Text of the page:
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This Economic Recovery Smells Like Pine

Nick de la Canal
Workers prepare Christmas trees for shipping

This year is shaping up to be a good one for America’s Christmas tree farmers. A report published this week by the American Christmas Tree Association estimates nearly 22.6 million Christmas trees will be bought, strapped to a car roof, brought home, and decorated this holiday season. That’s a million more trees than were sold in 2011, and it’s welcome relief for the Christmas tree industry, which is still recovering from the recession.

It’s also good news for North Carolina, which produces just under 5 million Christmas trees each year and is second in nation in Christmas tree production. Watch your back, Oregon.

As the harvest season comes to an end this week, farmhands in Sands, a small town on the North Carolina-Tennessee border, are loading up tractor trailers with the last few loads of Christmas tree cargo. Joey Clawson of G&S trees says the last few years were rough, “but now the economy’s turned around and it’s pretty steady. Nothing fabulous, but it’s steady.”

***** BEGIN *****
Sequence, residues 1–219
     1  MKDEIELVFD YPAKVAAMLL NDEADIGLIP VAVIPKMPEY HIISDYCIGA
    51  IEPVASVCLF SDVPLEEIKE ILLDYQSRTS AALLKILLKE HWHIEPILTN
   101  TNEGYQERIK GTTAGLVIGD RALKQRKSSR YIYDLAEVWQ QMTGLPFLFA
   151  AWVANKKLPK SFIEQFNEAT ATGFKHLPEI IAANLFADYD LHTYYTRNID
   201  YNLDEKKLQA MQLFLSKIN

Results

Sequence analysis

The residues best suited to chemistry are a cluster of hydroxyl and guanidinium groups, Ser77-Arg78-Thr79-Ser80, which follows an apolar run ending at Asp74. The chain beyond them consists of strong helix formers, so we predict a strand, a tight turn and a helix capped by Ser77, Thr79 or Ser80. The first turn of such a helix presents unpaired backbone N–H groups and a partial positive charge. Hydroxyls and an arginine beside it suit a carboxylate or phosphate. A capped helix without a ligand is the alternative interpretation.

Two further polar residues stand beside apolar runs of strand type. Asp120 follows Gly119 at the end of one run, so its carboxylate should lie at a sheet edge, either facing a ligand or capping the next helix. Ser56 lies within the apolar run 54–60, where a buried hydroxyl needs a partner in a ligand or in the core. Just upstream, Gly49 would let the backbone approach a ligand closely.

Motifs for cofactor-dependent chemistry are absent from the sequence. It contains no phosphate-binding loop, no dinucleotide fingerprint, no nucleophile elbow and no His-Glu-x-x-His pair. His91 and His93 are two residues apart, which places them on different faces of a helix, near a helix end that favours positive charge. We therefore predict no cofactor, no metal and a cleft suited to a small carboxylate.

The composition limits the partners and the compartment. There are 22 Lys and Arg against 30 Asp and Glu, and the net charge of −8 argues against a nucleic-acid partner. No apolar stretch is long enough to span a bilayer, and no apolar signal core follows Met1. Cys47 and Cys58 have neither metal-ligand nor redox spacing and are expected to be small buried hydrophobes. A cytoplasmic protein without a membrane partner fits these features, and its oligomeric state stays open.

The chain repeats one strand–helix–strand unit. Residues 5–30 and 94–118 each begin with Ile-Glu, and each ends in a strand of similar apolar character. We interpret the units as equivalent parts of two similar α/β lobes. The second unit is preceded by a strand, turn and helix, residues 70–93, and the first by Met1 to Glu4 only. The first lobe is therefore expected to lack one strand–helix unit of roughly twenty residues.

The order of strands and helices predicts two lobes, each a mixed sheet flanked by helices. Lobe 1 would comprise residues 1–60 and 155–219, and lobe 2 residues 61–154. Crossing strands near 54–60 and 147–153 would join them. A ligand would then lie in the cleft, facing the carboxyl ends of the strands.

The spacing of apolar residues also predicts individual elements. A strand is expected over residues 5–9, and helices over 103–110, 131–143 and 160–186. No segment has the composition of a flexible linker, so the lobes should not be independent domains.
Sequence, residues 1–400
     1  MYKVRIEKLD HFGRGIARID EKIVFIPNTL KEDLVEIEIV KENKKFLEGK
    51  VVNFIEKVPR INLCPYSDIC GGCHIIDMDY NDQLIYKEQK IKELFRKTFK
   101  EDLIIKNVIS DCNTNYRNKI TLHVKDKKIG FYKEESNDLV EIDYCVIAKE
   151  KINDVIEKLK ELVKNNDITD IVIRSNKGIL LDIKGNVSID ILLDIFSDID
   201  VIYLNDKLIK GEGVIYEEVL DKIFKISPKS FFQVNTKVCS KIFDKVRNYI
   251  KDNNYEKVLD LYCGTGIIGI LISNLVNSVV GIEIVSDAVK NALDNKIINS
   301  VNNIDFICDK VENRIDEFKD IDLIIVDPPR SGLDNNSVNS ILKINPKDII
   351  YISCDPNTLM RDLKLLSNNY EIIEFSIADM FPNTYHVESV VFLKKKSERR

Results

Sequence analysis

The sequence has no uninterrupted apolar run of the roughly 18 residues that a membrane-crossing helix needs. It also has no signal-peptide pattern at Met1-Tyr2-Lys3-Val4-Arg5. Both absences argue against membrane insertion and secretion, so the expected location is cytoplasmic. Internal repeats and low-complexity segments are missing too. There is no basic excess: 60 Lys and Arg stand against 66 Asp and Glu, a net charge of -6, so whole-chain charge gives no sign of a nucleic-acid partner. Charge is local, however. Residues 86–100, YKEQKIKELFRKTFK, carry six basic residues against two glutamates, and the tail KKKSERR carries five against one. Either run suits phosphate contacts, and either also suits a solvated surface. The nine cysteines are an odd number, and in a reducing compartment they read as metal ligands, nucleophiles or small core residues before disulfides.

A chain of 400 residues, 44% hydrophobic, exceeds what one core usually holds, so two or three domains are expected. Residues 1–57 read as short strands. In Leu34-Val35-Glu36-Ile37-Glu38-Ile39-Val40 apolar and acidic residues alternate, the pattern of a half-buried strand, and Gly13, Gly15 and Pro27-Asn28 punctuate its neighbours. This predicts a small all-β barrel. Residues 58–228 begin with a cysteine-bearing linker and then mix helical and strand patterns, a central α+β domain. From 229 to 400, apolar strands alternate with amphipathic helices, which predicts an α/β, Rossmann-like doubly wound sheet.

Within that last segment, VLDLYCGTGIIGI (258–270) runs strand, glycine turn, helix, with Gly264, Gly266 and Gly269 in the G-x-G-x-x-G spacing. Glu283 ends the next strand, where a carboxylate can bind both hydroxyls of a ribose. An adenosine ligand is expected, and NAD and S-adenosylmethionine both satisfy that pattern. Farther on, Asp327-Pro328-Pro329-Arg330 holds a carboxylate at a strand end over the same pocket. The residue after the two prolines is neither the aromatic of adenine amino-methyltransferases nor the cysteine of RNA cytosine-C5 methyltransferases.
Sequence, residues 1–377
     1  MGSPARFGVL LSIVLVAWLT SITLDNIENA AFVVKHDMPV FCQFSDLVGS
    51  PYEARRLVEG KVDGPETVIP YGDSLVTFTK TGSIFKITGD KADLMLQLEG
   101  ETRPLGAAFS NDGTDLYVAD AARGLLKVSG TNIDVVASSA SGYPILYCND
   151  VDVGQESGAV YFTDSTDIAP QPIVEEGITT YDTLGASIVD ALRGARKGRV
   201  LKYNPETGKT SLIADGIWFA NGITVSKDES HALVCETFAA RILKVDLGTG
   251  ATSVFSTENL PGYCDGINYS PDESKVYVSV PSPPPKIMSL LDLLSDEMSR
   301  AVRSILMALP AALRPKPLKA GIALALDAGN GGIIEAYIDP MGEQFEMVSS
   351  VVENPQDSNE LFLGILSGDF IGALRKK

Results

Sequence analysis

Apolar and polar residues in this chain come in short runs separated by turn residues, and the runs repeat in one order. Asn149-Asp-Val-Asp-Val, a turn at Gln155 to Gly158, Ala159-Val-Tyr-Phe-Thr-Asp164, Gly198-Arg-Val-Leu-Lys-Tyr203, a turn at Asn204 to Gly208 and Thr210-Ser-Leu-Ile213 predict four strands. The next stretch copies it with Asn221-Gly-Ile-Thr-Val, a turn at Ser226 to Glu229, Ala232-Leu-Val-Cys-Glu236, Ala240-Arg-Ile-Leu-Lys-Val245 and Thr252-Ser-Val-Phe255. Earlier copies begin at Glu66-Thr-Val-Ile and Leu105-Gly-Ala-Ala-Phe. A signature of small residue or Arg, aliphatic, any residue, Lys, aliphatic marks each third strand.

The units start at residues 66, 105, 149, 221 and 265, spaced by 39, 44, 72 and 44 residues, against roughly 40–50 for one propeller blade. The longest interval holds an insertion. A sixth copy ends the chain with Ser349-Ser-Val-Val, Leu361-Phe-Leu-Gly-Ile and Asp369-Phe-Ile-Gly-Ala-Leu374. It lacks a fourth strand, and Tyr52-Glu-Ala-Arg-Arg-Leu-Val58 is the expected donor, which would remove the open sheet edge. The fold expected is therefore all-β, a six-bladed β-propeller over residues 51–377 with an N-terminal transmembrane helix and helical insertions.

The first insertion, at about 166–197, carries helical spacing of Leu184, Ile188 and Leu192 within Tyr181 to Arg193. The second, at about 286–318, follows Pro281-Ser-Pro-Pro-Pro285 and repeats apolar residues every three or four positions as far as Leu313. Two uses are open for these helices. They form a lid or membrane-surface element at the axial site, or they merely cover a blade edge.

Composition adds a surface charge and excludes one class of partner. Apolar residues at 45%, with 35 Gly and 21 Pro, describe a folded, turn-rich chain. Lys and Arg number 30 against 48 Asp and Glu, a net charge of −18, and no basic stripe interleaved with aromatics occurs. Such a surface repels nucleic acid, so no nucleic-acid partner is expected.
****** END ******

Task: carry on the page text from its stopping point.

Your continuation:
It takes eight years for a seedling to grow into a seven-foot Christmas tree. And it was eight years ago that the economy tanked and consumers cut back on spending. That meant farmers were stuck with a backlog of trees and had less room to plant new ones. Now, eight years later, the economy is rebounding, but farmers have a smaller crop to harvest. There’s enough to meet demand this year, but “you can expect a shortage of good Christmas trees the next several years,” Clawson says.

The impressive sales numbers, mixed with the mild winter, has meant an early Christmas for farmers and their farmhands, many of them migrant workers from Mexico.

After the trees are cut and loaded for shipping, workers pack up their bags and load buses with clothes, snacks, and big-screen TVs they bought on Black Friday to bring home to their families. 

After seven months on the farm, one worker, Raymundo Flores, is especially excited to go home to Vera Cruz, Mexico, and see his kids.

As he waits in line to board the charter bus, Flores says he couldn’t sleep last night thinking about climbing onto the bus today and calling his family to say he’s on the way home. He’s bringing only three pieces of luggage with him: a suitcase with his belongings, a suitcase full of gifts, and a 4-foot fraser fir he cut specially for his family’s Christmas.